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Article | September 30, 2002
Stand-up pouch earns Merrick's merit
Merrick Petfoods introduces dog food in a resealable stand-up pouch that’s marketed primarily in Europe.
A resealable stand-up pouch is going to the dogs, and that’s a good thing for Merrick Petfoods, Inc., the Hereford, TX, maker of premium-quality pet food that contains real meat and all-natural ingredients. Last year, the company replaced a multiwall bag with a stand-up pouch for seven varieties of its 1.5-kg (3.31-lb) Merrick-brand dry dog food. The resealability comes from a low-density polyethylene zipper from Presto Products (Appleton, WI).The dry dog food products are sold primarily to veterinarians in Europe, who “came to us requesting this kind of package,” recalls company president Garth Merrick. He notes, “we’re planning to build up sales of the dog food in the same package to pet stores in the United States.” The company markets other pet edibles through U.S. grocery stores and mass merchandisers under the Beef’n More brand name.Learn about packaging innovation at The Packaging Conference in Orlando, February 3-5, 2014The packaging switch for the 1.5-kg dog food was also made, says Merrick, “because we wanted a more presentable package that would be more convenient for our customers. We had already produced a stand-up pouch for pet treats, and we saw how well customers responded to that pack.”The previous multiwall bags for these dog food varieties weren’t resealable. “And,” Merrick adds, “if the multiwall bag gets wet, the product could become moldy.”Looking at the economics of the change, Merrick admits that the materials for the pouch are a little costlier, “but we figured in the long run it would make our product more desirable, and the sales would offset the additional costs.” The film is an adhesive lamination of 48-ga polyester, reverse-printed flexographically in six colors, and a 4-mil LDPE sealant layer. Not only did the company understand the importance of packaging, it also was savvy enough to trust its suppliers to bring the package to fruition. “We told our vendors what we wanted and they came up with the structure we needed,” Merrick comments. Shelf life is “at least a year,” he says.
Several companies are involved in supplying the premade pouches that Merrick fills and seals in-house. For the pet foods, the pouch material is converted by Star Packaging (College Park, GA).
Star extrudes the proprietary sealant layer in-house through its blown film division, Tara Plastics (Forest Park, GA). The structure is said to deliver excellent laminating characteristics at low temperatures. Additionally, the structure delivers added stiffness. The outer high-gloss film layer, from different vendors, provides shine, as well as puncture- and tear-resistance.
Zipper is key
After printing the film, Star laminates the two webs before forming the material into a 9”-wide x 14”-high pouch. That’s done on a new pouch making machine from Proven Designs (Macedon, NY). The machine forms the 4” gusseted bottom, then heat seals the male half of the LDPE zipper to the inside of either the front or back panel. The female portion of the zipper profile is heat sealed to the other inside panel.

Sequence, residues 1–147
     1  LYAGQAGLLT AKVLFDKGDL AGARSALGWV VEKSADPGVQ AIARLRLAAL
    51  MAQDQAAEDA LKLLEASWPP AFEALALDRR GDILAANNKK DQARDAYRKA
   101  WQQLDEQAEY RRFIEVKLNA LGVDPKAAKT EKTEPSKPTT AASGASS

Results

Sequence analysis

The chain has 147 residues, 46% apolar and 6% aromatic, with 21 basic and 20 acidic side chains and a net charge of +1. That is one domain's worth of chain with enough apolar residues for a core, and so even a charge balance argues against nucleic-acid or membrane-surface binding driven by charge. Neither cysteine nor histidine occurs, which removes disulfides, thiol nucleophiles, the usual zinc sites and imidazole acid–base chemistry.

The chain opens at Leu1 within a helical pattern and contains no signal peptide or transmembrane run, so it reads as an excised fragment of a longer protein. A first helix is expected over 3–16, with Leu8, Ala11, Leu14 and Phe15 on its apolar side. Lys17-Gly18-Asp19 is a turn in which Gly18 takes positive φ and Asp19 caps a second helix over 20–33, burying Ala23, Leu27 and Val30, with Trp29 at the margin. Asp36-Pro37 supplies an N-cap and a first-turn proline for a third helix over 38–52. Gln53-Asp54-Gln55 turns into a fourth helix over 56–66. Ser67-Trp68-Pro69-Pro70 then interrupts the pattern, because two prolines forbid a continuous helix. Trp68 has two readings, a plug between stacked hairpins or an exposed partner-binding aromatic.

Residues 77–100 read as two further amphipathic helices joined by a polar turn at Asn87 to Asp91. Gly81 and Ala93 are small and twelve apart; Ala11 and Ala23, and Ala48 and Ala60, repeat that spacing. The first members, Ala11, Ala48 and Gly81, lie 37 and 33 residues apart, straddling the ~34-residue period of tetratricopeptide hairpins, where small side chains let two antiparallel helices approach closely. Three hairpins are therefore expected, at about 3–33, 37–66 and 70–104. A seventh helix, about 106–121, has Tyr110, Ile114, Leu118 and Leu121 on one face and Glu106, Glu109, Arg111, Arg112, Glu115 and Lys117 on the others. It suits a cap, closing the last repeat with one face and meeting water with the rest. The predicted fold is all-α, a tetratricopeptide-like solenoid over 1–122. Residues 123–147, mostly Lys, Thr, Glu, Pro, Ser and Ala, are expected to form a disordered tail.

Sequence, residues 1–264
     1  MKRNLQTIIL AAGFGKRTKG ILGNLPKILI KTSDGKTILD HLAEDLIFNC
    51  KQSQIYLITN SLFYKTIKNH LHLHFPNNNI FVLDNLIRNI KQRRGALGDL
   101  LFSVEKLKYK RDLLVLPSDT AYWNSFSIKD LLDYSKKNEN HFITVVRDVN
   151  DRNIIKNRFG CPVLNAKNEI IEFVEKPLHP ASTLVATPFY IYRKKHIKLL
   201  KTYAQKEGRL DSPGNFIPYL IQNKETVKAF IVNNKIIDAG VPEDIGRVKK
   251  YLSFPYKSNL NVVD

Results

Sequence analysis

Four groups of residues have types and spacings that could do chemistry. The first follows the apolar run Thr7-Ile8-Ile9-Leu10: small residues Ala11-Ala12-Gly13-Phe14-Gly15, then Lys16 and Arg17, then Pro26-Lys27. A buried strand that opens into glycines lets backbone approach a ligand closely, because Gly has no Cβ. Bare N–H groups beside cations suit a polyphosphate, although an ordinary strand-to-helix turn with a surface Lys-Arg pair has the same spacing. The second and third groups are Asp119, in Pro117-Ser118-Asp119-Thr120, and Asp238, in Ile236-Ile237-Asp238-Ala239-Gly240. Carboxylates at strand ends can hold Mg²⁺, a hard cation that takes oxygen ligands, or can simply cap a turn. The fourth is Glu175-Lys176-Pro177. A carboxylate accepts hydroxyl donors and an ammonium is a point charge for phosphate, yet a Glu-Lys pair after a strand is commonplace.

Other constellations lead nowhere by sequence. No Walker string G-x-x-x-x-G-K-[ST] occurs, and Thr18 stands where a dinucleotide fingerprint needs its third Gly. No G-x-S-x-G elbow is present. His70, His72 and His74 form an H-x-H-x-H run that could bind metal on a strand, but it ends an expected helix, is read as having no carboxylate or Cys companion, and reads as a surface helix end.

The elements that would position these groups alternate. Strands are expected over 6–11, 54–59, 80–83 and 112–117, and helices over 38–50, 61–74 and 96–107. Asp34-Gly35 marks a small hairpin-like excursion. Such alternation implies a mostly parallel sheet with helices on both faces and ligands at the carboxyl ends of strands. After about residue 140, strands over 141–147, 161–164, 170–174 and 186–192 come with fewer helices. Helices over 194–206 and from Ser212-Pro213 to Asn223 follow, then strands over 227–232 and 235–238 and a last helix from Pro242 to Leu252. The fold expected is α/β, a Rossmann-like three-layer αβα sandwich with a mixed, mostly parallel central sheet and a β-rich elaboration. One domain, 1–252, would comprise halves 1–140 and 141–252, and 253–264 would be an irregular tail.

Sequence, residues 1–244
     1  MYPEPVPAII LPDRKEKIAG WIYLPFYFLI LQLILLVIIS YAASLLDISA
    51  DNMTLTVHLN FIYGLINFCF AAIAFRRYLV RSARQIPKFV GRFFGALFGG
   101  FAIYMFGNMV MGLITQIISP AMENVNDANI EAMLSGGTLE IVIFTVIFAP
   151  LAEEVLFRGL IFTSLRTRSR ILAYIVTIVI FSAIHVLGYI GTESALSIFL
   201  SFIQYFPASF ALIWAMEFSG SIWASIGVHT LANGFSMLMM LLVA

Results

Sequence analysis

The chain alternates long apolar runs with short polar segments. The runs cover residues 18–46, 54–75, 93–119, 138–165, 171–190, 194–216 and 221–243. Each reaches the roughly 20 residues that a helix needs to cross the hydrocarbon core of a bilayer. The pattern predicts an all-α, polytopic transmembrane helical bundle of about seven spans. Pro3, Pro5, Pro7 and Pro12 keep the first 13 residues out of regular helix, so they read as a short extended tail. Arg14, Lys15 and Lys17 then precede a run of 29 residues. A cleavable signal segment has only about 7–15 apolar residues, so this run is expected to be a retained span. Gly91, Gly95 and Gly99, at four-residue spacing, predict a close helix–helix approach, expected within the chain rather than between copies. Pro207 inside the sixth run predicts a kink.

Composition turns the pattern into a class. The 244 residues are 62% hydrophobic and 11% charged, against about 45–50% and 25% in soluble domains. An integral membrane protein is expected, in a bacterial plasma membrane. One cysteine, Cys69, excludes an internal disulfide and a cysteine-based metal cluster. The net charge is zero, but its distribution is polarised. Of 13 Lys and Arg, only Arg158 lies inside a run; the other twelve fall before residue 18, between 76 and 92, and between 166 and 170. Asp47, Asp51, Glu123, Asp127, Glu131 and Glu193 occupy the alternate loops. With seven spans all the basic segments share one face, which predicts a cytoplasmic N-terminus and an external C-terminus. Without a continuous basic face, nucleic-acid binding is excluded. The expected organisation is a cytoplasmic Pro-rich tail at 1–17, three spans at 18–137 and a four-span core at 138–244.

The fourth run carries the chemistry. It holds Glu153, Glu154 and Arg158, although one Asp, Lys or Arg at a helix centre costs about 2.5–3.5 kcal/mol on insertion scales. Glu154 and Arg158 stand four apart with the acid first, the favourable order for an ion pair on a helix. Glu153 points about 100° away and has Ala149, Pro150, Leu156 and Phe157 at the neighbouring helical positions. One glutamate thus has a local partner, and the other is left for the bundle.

During this process, the zipper halves interlock. So, a special device on the Proven Designs machine reopens the zipper to allow Merrick to fill the bags. That’s done after the machine heat seals the two vertical side edges to form the pouch.
Star recommended that Merrick use Presto’s Fresh-Lock®-style 106 zipper for the pack. The zipper includes patented sealant ribs on the backside of the zipper’s flange to improve its sealability to the film at lower temperatures. Lower temperatures help minimize film distortion and allow faster pouch-forming speeds. A tear notch above the zipper allows the user to open the stand-up pouch.
Sales are up
Star Packaging ships zippered pouches to Merrick’s Hereford facility in wicketed bundles. Pouches are filled semi-automatically, then the tops of the filled pouches are heat sealed before 10 pouches are bundled into a heavy-duty plastic “baler bag.”
Palletized baler bags are exported to Europe where they’re sold in Italy, Greece, Switzerland, and Austria. “And we’re working on [selling the product] in other countries,” Merrick says. He says that in Europe, “it’s too early to say for sure if [the packaging change] has resulted in the increase in sales that we hoped for, but we think it has.”
Merrick is also considering the stand-up pouch for other dog food products. “The pouch has given us a nice presentation, and we’re always looking for other products where we can use the stand-up pouch to help push them into the U.S. market where we’re just a little bump on a log compared to the big boys,” he acknowledges.
Merrick reportedly is working with Star Packaging and Presto Products to evaluate the use of zippered pouches for 8-, 10-, and 20-lb product sizes, determining what zipper, laminate, and pouch designs will be necessary to accommodate the heavier products.
Regardless of the product size, the ability to reseal the packs will again be the key packaging focus. “The convenience of the zipper is huge,” Merrick states. Combined with quality product, it’s that packaging convenience that Merrick hopes will help the company take a competitive bite out of the big dogs in the U.S. dog food market. —JB
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